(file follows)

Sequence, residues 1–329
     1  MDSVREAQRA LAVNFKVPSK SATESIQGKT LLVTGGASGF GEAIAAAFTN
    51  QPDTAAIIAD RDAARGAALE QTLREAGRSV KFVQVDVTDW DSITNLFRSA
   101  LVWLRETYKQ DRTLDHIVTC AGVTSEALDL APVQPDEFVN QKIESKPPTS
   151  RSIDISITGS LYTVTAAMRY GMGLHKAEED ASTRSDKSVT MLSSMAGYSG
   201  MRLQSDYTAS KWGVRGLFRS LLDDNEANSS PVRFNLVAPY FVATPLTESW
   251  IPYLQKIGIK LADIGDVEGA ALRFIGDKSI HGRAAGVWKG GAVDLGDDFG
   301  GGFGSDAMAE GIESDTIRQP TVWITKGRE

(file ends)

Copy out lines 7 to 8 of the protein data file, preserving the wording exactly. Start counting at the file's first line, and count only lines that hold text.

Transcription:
   251  IPYLQKIGIK LADIGDVEGA ALRFIGDKSI HGRAAGVWKG GAVDLGDDFG
   301  GGFGSDAMAE GIESDTIRQP TVWITKGRE